Release Date: September 29, 2021
BUFFALO, N.Y. – For nearly a third of patients with hemophilia A and almost all patients with Pompe disease, their own immune system is their greatest obstacle to treatment. When given essential proteins and enzymes, their body perceives the treatments as a threat and attacks.
However, University at Buffalo researchers have developed a new treatment that uses reverse vaccination to pre-expose the body to medications and build immune tolerance. The novel treatment pairs essential proteins and enzymes with lysophosphatidylserine (Lyso-PS), a fatty acid that helps the immune system tolerate foreign substances, reducing adverse reactions to the drugs.
Unlike traditional vaccination, which uses pre-exposure to teach the immune system to attack potential threats, reverse vaccination uses exposure to teach the immune system to ignore foreign substances. The treatment could be applied to a broad range of drug therapies, autoimmune disorders and allergies, says lead investigator Sathy Balu-Iyer, PhD, professor of pharmaceutical sciences and associate dean for research in the UB School of Pharmacy and Pharmaceutical Sciences.
The results were published this month in Scientific Reports. Balu-Iyer recently received funding to continue preclinical research from the Empire Discovery Institute, which will license the technology and advance the treatment to the market.
“The safety and effectiveness of several life-saving therapeutic drugs are compromised by anti-drug antibodies. Once antibodies develop, clinical options available for patients become expensive and, in several cases, ineffective,” said Balu-Iyer.
“Instead of attempting to reverse the anti-drug antibodies, which is highly challenging, clinical treatments that prevent antibody development may be a more effective strategy,” says Nhan Hanh Nguyen, first author and pharmaceutical sciences graduate student at UB. “Our approach is based on the rationale that pre-exposure of a protein in the presence of Lyso-PS teaches the immune system not to mount a response.”
Hemophilia A is a genetic bleeding disorder caused by the lack of blood-clotting protein Factor VIII. Patients with the disorder are at severe risk for bleeding after injury or surgery. Recombinant Factor VIII is the first line of defense in treatment, however, the body may associate Factor VIII with other threats and produces antibodies that destroy it. A third of patients experience these adverse reactions, and once antibodies develop, the cost of clinical treatments may rise above $700,000 per year.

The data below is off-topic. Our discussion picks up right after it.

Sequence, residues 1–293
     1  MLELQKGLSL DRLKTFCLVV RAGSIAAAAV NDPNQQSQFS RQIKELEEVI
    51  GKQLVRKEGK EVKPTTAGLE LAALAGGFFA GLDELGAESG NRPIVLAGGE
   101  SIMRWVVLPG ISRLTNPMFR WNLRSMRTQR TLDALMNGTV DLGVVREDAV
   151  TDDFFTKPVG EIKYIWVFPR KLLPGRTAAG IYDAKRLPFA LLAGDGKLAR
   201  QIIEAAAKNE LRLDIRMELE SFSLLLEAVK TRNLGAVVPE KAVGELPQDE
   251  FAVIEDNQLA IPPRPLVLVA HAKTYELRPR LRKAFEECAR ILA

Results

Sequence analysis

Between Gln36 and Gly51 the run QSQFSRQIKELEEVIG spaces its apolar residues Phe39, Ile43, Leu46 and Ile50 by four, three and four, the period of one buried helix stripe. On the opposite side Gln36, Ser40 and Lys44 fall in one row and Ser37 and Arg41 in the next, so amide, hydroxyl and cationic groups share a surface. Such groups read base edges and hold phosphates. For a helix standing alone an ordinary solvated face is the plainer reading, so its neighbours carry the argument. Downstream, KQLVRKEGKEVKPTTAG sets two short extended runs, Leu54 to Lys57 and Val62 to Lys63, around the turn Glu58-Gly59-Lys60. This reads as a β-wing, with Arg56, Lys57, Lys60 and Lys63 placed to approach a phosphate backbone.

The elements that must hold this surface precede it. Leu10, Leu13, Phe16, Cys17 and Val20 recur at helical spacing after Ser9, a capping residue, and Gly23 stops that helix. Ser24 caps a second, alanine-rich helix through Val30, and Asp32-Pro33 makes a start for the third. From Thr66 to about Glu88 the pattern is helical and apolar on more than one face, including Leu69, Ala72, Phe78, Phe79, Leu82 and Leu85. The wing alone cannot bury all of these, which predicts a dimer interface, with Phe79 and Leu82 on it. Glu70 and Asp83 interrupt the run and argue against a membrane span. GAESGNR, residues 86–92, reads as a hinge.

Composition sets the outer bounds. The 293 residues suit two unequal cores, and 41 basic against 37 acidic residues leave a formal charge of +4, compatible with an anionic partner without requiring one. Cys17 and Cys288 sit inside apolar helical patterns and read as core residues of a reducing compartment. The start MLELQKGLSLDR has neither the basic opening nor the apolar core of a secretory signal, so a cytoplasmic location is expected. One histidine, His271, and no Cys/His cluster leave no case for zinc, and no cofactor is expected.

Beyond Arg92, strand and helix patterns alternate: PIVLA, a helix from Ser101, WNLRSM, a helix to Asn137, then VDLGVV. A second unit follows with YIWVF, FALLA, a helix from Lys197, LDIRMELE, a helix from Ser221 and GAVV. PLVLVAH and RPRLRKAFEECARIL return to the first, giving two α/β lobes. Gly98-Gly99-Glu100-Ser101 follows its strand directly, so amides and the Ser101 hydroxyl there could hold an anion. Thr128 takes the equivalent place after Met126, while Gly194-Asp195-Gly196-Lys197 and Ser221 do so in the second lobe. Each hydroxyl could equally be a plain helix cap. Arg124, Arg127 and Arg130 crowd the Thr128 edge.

For Pompe disease, a rare genetic condition in which the body lacks the enzyme necessary to break down complex sugars for energy, more than 90% of patients develop antibodies to treatments. Without the enzyme, acid alpha glucosidase (GAA), sugar builds up in the muscles and organs, causing weakness and shortening life expectancy. Attempts to suppress the immune system expose patients to risk of secondary infection.
Findings published in August in the Journal of Thrombosis and Haemostasis found that four weeks of co-administration of Lyso-PS with Factor VIII significantly reduced the development of antibodies without impacting the effectiveness of the protein.
The new research designed and tested a Lyso-PS nanoparticle with the ideal size and surface characteristics for cellular uptake, binding and survival in the digestive tract.
Completed in an animal model, the study found that the designed Lyso-PS nanoparticle prevented the development of antibodies against Factor VIII in 75% of subjects, and significantly reduced antibody levels against GAA.
The treatment was effective when delivered intravenously as well as orally, the latter of which could allow for easier consumption and improved medication compliance by patients, says Balu-Iyer.
Additional investigators on the September study include Fiona Glassman, PhD, senior clinical pharmacologist at CSL Behring, and Robert Dingman, PhD, at Regeneron Pharmaceuticals, both former students in Balu-Iyer’s lab; Gautam Shenoy, PhD, research scientist in the Jacobs School of Medicine and Biomedical Sciences at UB; Elizabeth Wohlfert, PhD, assistant professor of microbiology and immunology in the Jacobs School; Jason Kay, associate professor of oral biology in the UB School of Dental Medicine; and Richard Bankert, VMD, PhD, professor of microbiology and immunology in the Jacobs School.